Emmy Rossum who was so brilliant in The Phantom of the Opera is fine here and so is Mike Vogel; Jacinda Barrett is completely convincing as the near hysterical young mother, though Jimmy Bennett could have been a bit less strident. Richard Dreyfuss, who has so often been cast as a slightly bumbling every man, is in fine form as the fussy Nelson. Mia Maestro is particularly effective. Her fears became my own despite the fact I'm not claustrophobic, and there were moments where I was literally short of breath as I watched her dragged (almost literally) kicking and screaming to the next challenge by her fellows.
The script is, of course, somewhat predictable. Like Titanic, we all know what's going to happen. But reading the book or seeing the 1972 version (entitled The Poseidon Adventure) won't spoil this remake for you: The characters are all new as are their challenges, so you'll find the who-lives-and-who-dies suspense well in place. Though the characters aren't as developed as some of us might like them to be (okay, as I might like them to be), the fact that the movie is relatively short (98 minutes) and the action is non-stop actually make the film better in its genre.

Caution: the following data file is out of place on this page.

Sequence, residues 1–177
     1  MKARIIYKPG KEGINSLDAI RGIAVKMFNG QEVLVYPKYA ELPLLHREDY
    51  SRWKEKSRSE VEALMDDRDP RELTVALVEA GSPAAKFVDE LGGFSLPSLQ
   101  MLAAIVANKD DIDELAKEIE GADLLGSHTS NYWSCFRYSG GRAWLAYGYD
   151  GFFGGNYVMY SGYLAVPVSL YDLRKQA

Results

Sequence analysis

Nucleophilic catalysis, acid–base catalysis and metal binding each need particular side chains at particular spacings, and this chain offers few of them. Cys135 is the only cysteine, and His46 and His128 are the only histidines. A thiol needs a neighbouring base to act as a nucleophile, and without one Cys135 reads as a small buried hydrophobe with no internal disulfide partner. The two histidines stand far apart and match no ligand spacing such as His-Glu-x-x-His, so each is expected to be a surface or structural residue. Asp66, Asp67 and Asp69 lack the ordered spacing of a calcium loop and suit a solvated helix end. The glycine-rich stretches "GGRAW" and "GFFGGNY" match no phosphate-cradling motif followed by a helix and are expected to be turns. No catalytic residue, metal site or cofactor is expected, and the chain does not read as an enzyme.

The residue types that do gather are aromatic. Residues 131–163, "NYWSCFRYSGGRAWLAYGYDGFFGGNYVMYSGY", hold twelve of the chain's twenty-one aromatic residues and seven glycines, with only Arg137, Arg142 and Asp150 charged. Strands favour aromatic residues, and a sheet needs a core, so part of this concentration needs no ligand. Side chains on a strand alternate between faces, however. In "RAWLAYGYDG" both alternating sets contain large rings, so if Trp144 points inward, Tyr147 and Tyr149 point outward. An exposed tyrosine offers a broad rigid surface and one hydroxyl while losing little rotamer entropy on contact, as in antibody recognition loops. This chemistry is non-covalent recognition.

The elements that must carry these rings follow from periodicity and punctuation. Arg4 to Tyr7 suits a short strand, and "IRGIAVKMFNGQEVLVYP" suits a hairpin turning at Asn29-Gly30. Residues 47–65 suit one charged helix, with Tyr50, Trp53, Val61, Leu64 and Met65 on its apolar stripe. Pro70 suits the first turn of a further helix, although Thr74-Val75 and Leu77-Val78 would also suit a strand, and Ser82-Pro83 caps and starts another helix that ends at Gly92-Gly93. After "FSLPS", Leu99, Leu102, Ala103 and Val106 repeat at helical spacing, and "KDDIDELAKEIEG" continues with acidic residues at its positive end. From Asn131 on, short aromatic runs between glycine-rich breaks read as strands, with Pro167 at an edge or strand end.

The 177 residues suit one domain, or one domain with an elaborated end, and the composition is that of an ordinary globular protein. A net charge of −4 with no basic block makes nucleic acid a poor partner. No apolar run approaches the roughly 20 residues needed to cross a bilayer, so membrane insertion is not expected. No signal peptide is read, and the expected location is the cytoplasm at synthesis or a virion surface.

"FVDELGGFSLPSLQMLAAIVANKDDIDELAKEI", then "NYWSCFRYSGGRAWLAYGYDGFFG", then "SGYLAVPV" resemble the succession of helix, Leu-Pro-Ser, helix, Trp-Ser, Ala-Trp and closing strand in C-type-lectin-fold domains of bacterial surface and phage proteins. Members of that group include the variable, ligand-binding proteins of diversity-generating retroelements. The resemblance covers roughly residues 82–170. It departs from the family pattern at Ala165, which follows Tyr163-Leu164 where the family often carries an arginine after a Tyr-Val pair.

Director Wolfgang Peterson has a moderately uneven past, but with Troy (which I thought was a better effort than some critics did), The Perfect Storm, and Air Force One on his résumé, there's some unquestionable skill and experience he's able to lend to Poseidon; he moves things right along, and his tight edits and the focus on the terror of individuals is just terrific for adding to the overall effect of the movie. It probably goes without saying, but lest you wonder I'll say it anyway: yes, the special effects are awesome, and some of the stunts are pretty amazing, too.
Poseidon is probably not everything the commercials and trailers would have you believe that it is, but it's pretty good none-the-less. If you want action, suspense, special effects, and human drama all rolled up into one neat hour-and-a-half long package, well, Poseidon will do the job for you. And while you may not relive moments of the film in your mind in the days to come, you'll almost certainly enjoy the ride as long as it lasts.
FAMILY SUITABILITY: Poseidon is rated PG-13 for "intense prolonged sequences of disaster and peril." There are also some rather creative ways various people meet their deaths, and though it's typically not graphic, a few of them are pretty awful. As a result, I don't recommend this movie for kids under the age of 13 or 14 or so. But if the rest of you are just looking for a good time, Poseidon could fit your plans to a T.
Lady Liberty, a senior writer for ESR, is a graphic designer and pro-freedom activist currently residing in the Midwest. More of her writings and other political and educational information is available on her web site, Lady Liberty's Constitution Clearing House, at http://www.ladylibrty.com. E-mail Lady Liberty at firstname.lastname@example.org.